Beyond Bacteria: Microbes in Extremely Low Birth Weight Infants

Premature baby Prematurity is the leading cause of neonatal deaths and long-term infant disability, with the rate of preterm births continuing to rise. Despite improved medical and respiratory management, the mortality rate for the most premature infants remains high. Extremely low birth weight infants are at increased risk for complications such as sepsis, meningitis, necrotizing enterocolitis and poor growth- problems, all associated with high risk for neurodevelopmental impairment, and all of which may be impacted by the microbial communities in their gut. Among premature infants, frequently used treatments, such as antibiotics and histamine-2 blockers are associated with an increased risk of necrotizing enterocolitis and may exert their influence via alternations in gut microbiota.

This paper uses molecular methods to resolve the microbial constituents of the gut-associated microbiome in premature babies. The study highlights unprecedented early fungal diversity, evidence of roundworms, human and bacterial viruses, and a bacterial community harboring many potential pathogens.


Beyond Bacteria: A Study of the Enteric Microbial Consortium in Extremely Low Birth Weight Infants. (2011) PLoS ONE 6(12): e27858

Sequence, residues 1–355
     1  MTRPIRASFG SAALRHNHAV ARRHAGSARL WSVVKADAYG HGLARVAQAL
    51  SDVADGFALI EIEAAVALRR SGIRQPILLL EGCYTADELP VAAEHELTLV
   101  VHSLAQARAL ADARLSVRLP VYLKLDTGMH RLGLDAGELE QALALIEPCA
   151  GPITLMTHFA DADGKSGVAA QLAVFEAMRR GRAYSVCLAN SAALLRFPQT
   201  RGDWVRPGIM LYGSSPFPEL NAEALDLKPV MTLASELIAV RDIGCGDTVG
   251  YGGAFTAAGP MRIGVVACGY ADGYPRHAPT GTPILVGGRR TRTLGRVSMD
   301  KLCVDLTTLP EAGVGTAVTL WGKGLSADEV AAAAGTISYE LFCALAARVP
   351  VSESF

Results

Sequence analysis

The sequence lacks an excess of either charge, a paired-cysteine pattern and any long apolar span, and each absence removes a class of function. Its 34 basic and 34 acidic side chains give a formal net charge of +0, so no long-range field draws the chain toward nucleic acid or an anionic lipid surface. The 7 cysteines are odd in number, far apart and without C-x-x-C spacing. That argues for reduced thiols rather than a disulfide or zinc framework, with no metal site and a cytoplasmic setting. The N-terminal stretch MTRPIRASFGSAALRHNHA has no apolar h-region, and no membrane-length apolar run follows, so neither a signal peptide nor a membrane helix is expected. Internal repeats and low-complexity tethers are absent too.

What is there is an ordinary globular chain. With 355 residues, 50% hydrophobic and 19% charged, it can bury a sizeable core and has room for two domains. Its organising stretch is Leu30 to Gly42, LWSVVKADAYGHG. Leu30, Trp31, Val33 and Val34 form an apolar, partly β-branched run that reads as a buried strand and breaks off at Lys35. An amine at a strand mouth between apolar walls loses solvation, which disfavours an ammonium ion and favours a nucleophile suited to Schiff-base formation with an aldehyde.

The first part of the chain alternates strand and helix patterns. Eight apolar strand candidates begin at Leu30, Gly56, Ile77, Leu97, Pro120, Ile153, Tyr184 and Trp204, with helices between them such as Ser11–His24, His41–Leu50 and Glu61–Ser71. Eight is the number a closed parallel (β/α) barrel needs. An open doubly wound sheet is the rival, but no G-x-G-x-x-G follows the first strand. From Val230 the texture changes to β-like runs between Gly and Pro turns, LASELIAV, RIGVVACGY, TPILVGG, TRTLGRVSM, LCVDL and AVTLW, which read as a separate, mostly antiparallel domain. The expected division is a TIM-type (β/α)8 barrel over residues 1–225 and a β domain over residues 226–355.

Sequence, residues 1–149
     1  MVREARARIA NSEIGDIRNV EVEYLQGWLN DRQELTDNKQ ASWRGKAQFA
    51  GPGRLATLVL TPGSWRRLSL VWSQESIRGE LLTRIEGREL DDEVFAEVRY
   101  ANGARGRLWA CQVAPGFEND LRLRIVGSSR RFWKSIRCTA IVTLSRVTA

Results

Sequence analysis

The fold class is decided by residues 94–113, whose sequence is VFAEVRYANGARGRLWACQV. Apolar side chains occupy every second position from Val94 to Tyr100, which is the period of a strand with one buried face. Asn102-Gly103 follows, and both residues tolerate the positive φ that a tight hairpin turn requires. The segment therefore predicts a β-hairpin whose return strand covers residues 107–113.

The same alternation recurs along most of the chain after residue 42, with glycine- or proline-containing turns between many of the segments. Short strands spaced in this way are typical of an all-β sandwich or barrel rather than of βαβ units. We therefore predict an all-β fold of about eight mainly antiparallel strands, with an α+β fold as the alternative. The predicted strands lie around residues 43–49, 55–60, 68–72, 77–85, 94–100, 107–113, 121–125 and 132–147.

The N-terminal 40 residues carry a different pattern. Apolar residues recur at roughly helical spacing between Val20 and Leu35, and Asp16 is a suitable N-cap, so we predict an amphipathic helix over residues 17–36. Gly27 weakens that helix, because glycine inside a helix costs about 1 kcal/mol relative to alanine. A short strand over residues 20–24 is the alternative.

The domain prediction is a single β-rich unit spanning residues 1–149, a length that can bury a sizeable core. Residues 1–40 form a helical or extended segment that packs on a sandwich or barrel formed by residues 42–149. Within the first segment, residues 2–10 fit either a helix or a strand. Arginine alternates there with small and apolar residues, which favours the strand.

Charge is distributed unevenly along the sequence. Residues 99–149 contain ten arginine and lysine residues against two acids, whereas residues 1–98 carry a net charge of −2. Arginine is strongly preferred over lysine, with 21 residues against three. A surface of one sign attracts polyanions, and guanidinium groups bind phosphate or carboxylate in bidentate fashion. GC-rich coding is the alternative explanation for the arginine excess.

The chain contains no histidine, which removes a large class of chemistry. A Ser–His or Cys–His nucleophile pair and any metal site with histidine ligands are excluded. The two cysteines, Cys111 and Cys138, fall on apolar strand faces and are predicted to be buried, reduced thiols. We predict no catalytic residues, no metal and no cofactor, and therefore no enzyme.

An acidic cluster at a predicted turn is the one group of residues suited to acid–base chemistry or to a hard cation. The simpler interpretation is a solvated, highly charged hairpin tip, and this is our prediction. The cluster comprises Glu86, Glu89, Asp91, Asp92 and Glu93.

Extremely low birth weight (ELBW) infants have high morbidity and mortality, frequently due to invasive infections from bacteria, fungi, and viruses. The microbial communities present in the gastrointestinal tracts of preterm infants may serve as a reservoir for invasive organisms and remain poorly characterized. We used deep pyrosequencing to examine the gut-associated microbiome of 11 ELBW infants in the first postnatal month, with a first time determination of the eukaryote microbiota such as fungi and nematodes, including bacteria and viruses that have not been previously described. Among the fungi observed, Candida sp. and Clavispora sp. dominated the sequences, but a range of environmental molds were also observed. Surprisingly, seventy-one percent of the infant fecal samples tested contained ribosomal sequences corresponding to the parasitic organism Trichinella. Ribosomal DNA sequences for the roundworm symbiont Xenorhabdus accompanied these sequences in the infant with the greatest proportion of Trichinella sequences. When examining ribosomal DNA sequences in aggregate, Enterobacteriales, Pseudomonas, Staphylococcus, and Enterococcus were the most abundant bacterial taxa in a low diversity bacterial community (mean Shannon-Weaver Index of 1.02±0.69), with relatively little change within individual infants through time. To supplement the ribosomal sequence data, shotgun sequencing was performed on DNA from multiple displacement amplification (MDA) of total fecal genomic DNA from two infants. In addition to the organisms mentioned previously, the metagenome also revealed sequences for gram positive and gram negative bacteriophages, as well as human adenovirus C. Together, these data reveal surprising eukaryotic and viral microbial diversity in ELBW enteric microbiota dominated bytypes of bacteria known to cause invasive disease in these infants.

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